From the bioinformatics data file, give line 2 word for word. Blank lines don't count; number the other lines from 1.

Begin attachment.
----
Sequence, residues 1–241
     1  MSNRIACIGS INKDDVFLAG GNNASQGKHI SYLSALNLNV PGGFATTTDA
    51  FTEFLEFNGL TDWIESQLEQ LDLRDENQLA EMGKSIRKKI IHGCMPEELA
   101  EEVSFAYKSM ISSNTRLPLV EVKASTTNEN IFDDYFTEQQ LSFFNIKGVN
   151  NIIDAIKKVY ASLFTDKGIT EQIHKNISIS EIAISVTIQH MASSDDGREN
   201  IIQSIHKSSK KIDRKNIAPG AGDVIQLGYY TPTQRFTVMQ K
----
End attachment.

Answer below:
     1  MSNRIACIGS INKDDVFLAG GNNASQGKHI SYLSALNLNV PGGFATTTDA